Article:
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How shipping ports can become more sustainable
Marine shipping drives 90 per cent of global trade, moving over 11 billion tonnes of containers, solid and liquid bulk cargo across the world’s seas annually. Almost all consumer products we buy — or the raw materials required to make them — arrive at Canadian ports via ship.
Each year, Canadian port facilities handle about 340 million tonnes of goods, worth about $400 billion. Roughly 25 per cent of Canadian exports and imports, by value, are transported by marine shipping.
Despite their economic importance, ports have adverse effects on the environment, including local air and water pollution, greenhouse gas emissions, noise and air pollution, traffic congestion and widespread contamination of sediments.
Society increasingly expects Canadian ports to balance economic growth with social and environmental impacts — and some Canadian ports are already integrating elements of sustainability into their operations. But others could do more.
Environmental impacts of ports and shipping
Marine shipping is responsible for two to three per cent of global greenhouse gas emissions. These are predicted to increase to 17 per cent by 2050 if left unchecked. Given these projections, it becomes increasingly important to mitigate energy use and greenhouse gas emissions of this industry in the face of climate change.
Port activities, such as berthing (mooring), can have environmental impacts including oil spills, local air, noise and light pollution. And intermodal transport of cargo in containers on trucks, trains or smaller ships to their final destination also releases carbon dioxide, sulfur dioxide, black carbon and other environmentally harmful greenhouse gases and particulates.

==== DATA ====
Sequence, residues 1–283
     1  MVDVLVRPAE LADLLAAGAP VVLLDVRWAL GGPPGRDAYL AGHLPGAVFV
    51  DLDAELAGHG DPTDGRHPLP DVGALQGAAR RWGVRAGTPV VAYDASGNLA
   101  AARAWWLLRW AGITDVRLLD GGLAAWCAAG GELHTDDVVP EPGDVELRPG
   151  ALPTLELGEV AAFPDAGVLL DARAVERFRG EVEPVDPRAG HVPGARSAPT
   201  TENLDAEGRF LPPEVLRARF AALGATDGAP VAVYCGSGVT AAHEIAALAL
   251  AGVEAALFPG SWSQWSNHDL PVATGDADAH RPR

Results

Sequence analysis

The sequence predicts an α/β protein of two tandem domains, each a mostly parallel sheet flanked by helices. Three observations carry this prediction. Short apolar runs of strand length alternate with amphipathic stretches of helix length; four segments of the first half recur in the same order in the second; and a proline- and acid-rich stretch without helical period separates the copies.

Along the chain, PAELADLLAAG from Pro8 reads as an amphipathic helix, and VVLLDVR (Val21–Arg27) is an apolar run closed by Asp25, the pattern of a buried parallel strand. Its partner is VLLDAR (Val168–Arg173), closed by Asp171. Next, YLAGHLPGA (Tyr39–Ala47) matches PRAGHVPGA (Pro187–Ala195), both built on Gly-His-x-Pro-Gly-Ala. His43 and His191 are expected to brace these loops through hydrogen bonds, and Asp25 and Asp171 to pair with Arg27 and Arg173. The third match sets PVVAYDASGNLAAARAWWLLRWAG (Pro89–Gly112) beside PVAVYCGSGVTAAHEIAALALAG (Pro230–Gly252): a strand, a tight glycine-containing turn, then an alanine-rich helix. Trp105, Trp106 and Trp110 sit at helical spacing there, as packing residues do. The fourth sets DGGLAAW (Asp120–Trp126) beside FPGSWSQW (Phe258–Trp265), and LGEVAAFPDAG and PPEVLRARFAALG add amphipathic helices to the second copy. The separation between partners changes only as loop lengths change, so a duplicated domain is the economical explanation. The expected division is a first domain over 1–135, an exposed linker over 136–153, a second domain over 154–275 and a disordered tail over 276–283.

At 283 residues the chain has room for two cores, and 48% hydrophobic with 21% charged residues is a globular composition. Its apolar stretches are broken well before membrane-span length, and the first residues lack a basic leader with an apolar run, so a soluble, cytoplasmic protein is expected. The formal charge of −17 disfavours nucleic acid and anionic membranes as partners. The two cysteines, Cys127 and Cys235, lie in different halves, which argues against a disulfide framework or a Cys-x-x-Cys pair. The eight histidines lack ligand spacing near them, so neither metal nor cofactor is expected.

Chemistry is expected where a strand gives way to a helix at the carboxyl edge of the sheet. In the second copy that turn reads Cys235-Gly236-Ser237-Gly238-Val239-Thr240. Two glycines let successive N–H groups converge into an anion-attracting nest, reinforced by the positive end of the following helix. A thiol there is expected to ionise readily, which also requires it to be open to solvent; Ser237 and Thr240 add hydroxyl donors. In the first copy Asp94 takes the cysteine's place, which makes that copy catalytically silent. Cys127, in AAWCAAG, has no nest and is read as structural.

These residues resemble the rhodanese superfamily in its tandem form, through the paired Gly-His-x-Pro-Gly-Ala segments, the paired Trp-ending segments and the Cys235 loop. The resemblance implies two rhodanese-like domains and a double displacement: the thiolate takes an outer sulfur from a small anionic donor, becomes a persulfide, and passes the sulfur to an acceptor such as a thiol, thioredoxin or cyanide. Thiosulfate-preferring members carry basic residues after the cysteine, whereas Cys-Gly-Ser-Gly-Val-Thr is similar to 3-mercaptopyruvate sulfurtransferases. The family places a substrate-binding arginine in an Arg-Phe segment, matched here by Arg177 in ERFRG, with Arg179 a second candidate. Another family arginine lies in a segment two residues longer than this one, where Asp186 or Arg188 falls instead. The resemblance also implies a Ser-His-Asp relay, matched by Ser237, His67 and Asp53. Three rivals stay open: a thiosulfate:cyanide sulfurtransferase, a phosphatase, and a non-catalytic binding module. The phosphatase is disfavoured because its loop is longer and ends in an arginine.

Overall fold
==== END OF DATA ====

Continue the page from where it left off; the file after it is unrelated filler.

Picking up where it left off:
Ship traffic produces underwater noise pollution. Ships can strike marine megafauna, such as the North Atlantic right whales in the Gulf of St. Lawrence. Ships may also release ballast water containing aquatic invasive species as they move from one port to another.
Improving environmental performance
The North American marine industry can participate in voluntary environmental certification programs such as the Green Marine program to measure and improve environmental performance. The program addresses key environmental issues, such as reductions in air pollution and greenhouse gas emissions, through 14 performance indicators. Participants can be shipowners, ports, terminals, seaway corporations and shipyards.
Shore power and alternative fuels have recently gained popularity among global ports because of stringent international regulations to reduce air emissions from ships.
Shore power allows ships to shut off their diesel-powered engines when berthed and connect to the electricity grid to reduce local air pollution and greenhouse gas emissions.
Ports that provide liquified natural gas (LNG) for ship refuelling can also help reduce air pollutants and greenhouse gas emissions. Cargo and cruise ships need to refuel or “bunker,” as it is referred to in the marine industry, when they arrive at a port. Some Canadian ports, including those in Halifax, Montréal and Vancouver, already provide shore power and LNG fuelling facilities.
Ports and port infrastructure stand to be disproportionately affected by sea-level rise, extreme weather and other impacts of climate change and implementing environmental initiatives such as offering shore power for ships to reduce greenhouse gas emissions will become increasingly important.